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the learned and amiable Dr. Briggs, of Liverpool, unhappily fell a sacrifice—an irreparable loss to humanity as well as science.

It appears that the course pursued on the coast is this,—The cruiser stationed there to prevent the Slave trade, carefully avoids going near the harbour or the creek where the Slavers are lying. If she comes within sight, the Slaver would not venture to put his cargo on board and sail. Therefore she stands out, just so far as to command a view of the port from the masthead, but herself quite out of sight. The Slaver believes the coast is clear; accomplishes his crime of shipping the cargo, and attempts to cross the Atlantic. Now, whether he succeeds in gaining the opposite shore, or is taken and condemned, let us see what the effect of the system is first of all, in the vessel's construction and accommodation—that is, in the comforts, if such a word can be used in connection with the hull of a Slave-ship-or the torments rather prepared for her unhappy inmates. Let us see how the unavoidable miseries of the middle passage are exasperated by the contraband nature of the adventure-how the unavoidable mischief is needlessly aggravated by the very means taken to extirpate it. The great object being to escape our cruisers, every other consideration is sacrificed to swiftness of sailing in the construction of the Slave-ships. I am not saying that humanity is sacrificed. I should of course be laughed to scorn by all who are implicated in the African traffic, were I to use such a word in any connexion with it. But all other considerations respecting the vessel herself are sacrificed to swiftness, and she is built so narrow as to put her safety in peril, being made just broad enough on the beam to keep the sea. What is the result to the wretched slaves ? Before the trade was put down by us in 1807, they had the benefit of what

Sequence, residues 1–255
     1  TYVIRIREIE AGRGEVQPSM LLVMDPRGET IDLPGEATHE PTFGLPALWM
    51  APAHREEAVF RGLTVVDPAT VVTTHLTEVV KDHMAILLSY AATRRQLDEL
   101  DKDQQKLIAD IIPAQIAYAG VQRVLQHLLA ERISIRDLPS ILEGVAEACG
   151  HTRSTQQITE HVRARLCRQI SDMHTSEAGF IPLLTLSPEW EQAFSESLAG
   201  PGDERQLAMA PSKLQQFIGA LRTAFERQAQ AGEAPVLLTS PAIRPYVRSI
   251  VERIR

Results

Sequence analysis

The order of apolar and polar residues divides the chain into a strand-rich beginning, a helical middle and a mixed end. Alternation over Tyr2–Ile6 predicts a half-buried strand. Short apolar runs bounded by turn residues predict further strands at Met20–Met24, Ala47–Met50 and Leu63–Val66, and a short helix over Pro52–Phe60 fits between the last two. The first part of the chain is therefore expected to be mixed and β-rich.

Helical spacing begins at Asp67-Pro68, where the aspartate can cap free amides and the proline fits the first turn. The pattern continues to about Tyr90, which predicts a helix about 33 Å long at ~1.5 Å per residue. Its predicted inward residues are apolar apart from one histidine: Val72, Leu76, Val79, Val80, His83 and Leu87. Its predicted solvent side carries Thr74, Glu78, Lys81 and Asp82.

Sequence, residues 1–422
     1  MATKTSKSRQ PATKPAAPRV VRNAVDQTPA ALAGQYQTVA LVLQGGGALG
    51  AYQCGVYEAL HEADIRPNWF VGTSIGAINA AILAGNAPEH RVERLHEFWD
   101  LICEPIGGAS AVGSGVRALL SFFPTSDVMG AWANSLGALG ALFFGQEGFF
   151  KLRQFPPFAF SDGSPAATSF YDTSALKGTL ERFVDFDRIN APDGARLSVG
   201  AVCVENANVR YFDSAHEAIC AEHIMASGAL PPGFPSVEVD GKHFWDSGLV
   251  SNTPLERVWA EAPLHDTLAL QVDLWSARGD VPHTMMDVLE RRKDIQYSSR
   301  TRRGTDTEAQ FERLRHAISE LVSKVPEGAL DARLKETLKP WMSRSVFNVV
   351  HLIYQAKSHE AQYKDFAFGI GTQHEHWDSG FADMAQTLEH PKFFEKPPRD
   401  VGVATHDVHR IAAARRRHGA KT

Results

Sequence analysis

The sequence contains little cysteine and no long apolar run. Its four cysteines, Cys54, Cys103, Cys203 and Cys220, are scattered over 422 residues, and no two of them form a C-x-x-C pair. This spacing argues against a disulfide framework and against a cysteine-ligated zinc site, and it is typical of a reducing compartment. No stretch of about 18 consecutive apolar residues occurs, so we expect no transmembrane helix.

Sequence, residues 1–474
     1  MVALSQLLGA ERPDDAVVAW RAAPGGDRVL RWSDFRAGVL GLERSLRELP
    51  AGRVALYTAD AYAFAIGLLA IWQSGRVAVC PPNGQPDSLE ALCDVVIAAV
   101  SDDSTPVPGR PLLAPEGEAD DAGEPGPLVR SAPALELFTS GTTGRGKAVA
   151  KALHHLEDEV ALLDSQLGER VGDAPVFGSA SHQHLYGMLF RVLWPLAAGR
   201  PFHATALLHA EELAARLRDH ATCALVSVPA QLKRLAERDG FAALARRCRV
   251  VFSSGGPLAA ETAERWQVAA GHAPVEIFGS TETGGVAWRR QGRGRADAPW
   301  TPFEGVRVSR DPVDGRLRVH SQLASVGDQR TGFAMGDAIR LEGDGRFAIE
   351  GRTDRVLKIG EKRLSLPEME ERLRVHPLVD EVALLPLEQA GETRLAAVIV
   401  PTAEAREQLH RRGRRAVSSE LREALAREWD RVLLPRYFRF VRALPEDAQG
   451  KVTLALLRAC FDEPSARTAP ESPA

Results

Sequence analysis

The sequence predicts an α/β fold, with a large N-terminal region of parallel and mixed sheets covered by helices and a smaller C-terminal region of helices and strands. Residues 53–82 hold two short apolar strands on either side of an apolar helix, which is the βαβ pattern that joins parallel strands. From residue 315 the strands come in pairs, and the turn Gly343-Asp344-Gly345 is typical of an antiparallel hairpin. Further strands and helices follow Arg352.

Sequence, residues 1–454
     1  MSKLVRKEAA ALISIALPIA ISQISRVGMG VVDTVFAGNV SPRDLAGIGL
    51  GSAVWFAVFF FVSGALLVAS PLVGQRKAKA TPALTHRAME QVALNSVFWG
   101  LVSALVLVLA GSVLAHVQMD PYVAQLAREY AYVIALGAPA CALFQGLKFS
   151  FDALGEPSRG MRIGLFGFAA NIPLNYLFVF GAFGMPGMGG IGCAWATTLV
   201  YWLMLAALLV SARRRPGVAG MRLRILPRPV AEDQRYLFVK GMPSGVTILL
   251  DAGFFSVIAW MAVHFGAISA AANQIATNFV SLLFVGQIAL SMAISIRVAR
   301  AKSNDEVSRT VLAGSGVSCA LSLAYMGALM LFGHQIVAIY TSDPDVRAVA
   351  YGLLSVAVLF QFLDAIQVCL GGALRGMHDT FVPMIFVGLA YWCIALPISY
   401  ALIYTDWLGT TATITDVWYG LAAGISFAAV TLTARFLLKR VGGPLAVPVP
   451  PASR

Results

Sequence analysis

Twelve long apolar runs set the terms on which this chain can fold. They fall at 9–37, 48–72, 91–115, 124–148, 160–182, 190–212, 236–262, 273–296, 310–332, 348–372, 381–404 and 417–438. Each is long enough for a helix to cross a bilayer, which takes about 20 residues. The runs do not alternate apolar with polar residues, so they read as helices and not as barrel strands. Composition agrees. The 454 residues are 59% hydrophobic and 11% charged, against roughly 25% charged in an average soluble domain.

was termed the Slave Carrying Act. During the twenty years that we spent in examining the details of the question—in ascertaining whether our crimes were so profitable as not to warrant us in leaving them off—in debating whether robbery, piracy, and murder should be prohibited by law, or receive protection and encouragement from the State-we, at least, were considerate enough to regulate the perpetration of them; and while those curious and very creditable

; discussions were going on, Sir William Dolben's Bill gave the unhappy victims of our cruelty and iniquity the benefit of a certain space between decks, in which they might breathe the tainted air more freely, and a certain supply of provisions and of water to sustain their wretched existence. But now there is nothing of the kind; and the Slave is in the same situation in

1 which our first debates found him above half a century ago, when the venerable Thomas Clarkson awakened the attention of the world to his sufferings. The scantiest portion which will support life is alone provided ; and the wretched Africans are compressed and stowed into every nook and cranny of the ship, as if they were dead goods concealed on board smuggling vessels. I may be thought to have said enough; but I may not stop here. Far more remains to tell; and I approach the darker part of the subject with a feeling of horror and disgust, which I cannot describe, and which three or four days gazing at the picture has not been able to subdue. But I go through the painful duty in the hope of inducing your Lordships at once to pronounce the doom of that system which fosters all that you are about to contemplate.

Let me first remind you of the analogy which this head-money system bears to what was nearer home, called blood-money. That it produces all the effects of the latter, I am certainly not prepared to affirm;